The Case Of The Flying Donkey

A review of The Case of the Flying Donkey by Christopher Bush

This is one of the rarest of Christopher Bush’s Ludovic Travers yarns, the twenty-first in the series and originally published in 1939 under its initial title of The Case of the Flying Ass. It has now been reissued by Dean Street Press. For those of us who are enjoying exploring the Golden Age of Detective fiction and discovering authors who are new to us, it is easy to underestimate the enormous amount of time, patience, energy and, yes, sleuthing that publishers like Dean Street Press and their team of helpers put in to plug those missing gaps. We should be eternally grateful.

Travers and his new wife, Bernice, are on a jaunt to Paris but for the amateur sleuth it soon becomes a busman’s holiday, the result of his meeting up with Inspector Gallois, whom we last met in The Case of the Three Strange Faces. It is another story of an Englishman abroad, seemingly unshakeable alibis, and a foray into the art world.

Travers had bought a rather expensive painting by an up-and-coming French artist, Henri Larne. It is banished to his private quarters, and he dare not tell Bernice how much he paid for it – the joys of married life are beginning to impinge upon him. At an exhibition featuring some works of Larne in London, Travers came across a Parisian art dealer, Braque, who seemed to be behaving oddly and examining the signature with extreme care.

On his arrival in Paris Travers is invited by Braque to view his private collection. Wary, Travers tells Gallois but decides to go. On his arrival, he finds Braque’s body still warm. He had only just been fatally stabbed. It seems that Travers’ invitation was designed to establish a time for the murder and, by implication, an alibi but whose and why was Braque murdered? Braque’s business partner reveals that he had spoken of two “gold mines”, one of which had failed but the second was proving profitable. What was he up to and how are Larne’s half-brother, Henri, and the artist’s model, Elise Deschamps, involved?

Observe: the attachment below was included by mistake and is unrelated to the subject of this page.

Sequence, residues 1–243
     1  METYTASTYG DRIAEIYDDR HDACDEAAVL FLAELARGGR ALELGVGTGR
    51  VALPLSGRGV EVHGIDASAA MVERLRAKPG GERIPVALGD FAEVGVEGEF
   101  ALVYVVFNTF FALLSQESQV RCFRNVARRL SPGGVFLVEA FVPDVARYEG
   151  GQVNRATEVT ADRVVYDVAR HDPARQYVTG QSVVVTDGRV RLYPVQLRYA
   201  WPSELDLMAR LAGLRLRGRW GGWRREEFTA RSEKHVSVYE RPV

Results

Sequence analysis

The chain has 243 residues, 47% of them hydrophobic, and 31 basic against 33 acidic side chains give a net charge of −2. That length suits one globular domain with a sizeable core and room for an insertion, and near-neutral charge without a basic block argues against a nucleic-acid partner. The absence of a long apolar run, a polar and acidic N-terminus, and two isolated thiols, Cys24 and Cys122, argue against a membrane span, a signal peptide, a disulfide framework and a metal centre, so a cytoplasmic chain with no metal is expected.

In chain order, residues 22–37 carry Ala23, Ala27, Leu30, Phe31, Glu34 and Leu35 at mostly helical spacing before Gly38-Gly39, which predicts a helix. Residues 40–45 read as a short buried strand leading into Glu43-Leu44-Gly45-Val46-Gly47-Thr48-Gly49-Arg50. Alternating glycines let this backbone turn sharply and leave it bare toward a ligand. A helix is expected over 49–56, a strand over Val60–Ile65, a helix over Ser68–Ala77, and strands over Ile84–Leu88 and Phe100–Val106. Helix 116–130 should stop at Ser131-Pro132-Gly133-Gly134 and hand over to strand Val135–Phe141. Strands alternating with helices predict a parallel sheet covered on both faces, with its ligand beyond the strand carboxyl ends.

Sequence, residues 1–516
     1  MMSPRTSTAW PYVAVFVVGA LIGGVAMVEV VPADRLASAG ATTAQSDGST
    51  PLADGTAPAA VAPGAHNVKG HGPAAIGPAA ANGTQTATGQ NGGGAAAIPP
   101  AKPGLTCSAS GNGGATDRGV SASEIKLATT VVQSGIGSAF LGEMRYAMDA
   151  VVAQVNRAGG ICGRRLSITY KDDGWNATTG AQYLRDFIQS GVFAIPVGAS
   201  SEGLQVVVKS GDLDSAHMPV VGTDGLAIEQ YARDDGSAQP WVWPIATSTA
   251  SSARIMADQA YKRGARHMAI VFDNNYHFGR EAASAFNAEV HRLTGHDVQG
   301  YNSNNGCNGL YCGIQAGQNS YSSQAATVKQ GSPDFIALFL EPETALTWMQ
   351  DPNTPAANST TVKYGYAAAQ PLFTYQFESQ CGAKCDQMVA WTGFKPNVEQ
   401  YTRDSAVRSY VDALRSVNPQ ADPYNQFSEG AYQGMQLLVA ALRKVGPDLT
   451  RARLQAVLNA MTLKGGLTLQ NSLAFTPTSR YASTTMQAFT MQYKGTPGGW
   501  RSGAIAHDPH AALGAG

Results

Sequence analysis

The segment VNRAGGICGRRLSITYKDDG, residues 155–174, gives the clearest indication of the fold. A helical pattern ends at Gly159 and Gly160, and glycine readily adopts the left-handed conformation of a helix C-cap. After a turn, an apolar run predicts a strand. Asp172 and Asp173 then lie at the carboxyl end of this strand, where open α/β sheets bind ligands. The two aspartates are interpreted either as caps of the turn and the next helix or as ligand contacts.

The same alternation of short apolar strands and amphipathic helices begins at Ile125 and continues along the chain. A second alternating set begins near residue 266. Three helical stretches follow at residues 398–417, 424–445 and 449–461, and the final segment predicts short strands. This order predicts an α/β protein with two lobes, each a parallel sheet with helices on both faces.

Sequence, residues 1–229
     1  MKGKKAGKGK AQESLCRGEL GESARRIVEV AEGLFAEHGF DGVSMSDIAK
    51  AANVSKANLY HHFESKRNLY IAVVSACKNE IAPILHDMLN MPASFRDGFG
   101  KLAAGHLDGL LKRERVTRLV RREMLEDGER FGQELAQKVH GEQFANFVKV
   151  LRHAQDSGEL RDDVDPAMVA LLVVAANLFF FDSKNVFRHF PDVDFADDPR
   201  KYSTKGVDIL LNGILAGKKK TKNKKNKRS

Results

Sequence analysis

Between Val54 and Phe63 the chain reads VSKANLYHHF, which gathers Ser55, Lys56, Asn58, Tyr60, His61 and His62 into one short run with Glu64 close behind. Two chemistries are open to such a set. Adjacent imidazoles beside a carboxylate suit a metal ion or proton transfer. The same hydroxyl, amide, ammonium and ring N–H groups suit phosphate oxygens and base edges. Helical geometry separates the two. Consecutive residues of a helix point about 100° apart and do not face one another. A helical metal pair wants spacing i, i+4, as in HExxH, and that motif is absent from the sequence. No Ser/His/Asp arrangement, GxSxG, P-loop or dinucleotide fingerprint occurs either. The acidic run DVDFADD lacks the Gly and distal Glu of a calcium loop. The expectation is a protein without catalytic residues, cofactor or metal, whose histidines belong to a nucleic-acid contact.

Gallois has a certain approach to investigating a case, regarding it as a piece of theatre and an opportunity to how patience and finesse. He takes delight in withholding information from Travers while his junior, Charles, plays the part of a go-between, a master of disguise. There are the inevitable red herrings, aided and abetted by Gallois’ Gallic aloofness, a clever plot device by Bush, but despite feeling out of the loop, it is Travers who spots the link that eventually unravels the case.

Henri Larne signs his pictures with a hieroglyph in the form of a flying donkey, in part a pun on his name, âne being donkey in French, but more intriguingly, the body and legs look like two capital Ms, one above the other. Armed with the knowledge of the importance of the signature, Travers and, to a lesser extent, Gallois unravel a plot to sell counterfeit paintings. The carefully constructed alibi unravels – it is not difficult to see how it was done – and the culprit is revealed, the identity of whom might seem a surprise to some, but the clues are there for all to see.

The book ends on a note of optimism, which sadly with the imminence of war proves unfounded, hindsight bringing a touch of pathos to a tale that was engrossing and enjoyable, although the plot was not as complex as some that Bush has hatched. I enjoyed the book and am grateful that it was rescued from an undeserved obscurity.

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